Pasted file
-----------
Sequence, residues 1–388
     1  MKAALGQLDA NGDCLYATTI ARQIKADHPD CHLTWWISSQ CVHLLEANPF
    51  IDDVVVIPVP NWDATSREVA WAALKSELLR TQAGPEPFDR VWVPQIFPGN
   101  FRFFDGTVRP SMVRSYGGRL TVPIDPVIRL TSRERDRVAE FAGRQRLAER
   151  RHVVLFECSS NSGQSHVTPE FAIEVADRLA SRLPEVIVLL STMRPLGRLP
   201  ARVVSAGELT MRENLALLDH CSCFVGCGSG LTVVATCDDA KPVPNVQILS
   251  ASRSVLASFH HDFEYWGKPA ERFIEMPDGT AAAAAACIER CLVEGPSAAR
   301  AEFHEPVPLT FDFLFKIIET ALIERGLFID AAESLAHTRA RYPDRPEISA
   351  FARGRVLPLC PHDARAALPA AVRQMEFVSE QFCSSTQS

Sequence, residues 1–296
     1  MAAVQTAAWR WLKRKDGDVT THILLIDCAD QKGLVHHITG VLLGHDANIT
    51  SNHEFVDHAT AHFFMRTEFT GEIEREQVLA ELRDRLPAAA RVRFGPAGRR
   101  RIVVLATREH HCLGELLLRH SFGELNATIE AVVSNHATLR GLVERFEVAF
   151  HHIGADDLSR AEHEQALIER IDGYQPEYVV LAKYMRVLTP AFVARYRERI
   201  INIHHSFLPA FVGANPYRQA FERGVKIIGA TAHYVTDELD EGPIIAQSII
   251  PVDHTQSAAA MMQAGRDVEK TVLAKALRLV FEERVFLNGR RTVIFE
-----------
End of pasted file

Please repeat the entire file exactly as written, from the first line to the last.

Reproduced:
Sequence, residues 1–388
     1  MKAALGQLDA NGDCLYATTI ARQIKADHPD CHLTWWISSQ CVHLLEANPF
    51  IDDVVVIPVP NWDATSREVA WAALKSELLR TQAGPEPFDR VWVPQIFPGN
   101  FRFFDGTVRP SMVRSYGGRL TVPIDPVIRL TSRERDRVAE FAGRQRLAER
   151  RHVVLFECSS NSGQSHVTPE FAIEVADRLA SRLPEVIVLL STMRPLGRLP
   201  ARVVSAGELT MRENLALLDH CSCFVGCGSG LTVVATCDDA KPVPNVQILS
   251  ASRSVLASFH HDFEYWGKPA ERFIEMPDGT AAAAAACIER CLVEGPSAAR
   301  AEFHEPVPLT FDFLFKIIET ALIERGLFID AAESLAHTRA RYPDRPEISA
   351  FARGRVLPLC PHDARAALPA AVRQMEFVSE QFCSSTQS

Sequence, residues 1–296
     1  MAAVQTAAWR WLKRKDGDVT THILLIDCAD QKGLVHHITG VLLGHDANIT
    51  SNHEFVDHAT AHFFMRTEFT GEIEREQVLA ELRDRLPAAA RVRFGPAGRR
   101  RIVVLATREH HCLGELLLRH SFGELNATIE AVVSNHATLR GLVERFEVAF
   151  HHIGADDLSR AEHEQALIER IDGYQPEYVV LAKYMRVLTP AFVARYRERI
   201  INIHHSFLPA FVGANPYRQA FERGVKIIGA TAHYVTDELD EGPIIAQSII
   251  PVDHTQSAAA MMQAGRDVEK TVLAKALRLV FEERVFLNGR RTVIFE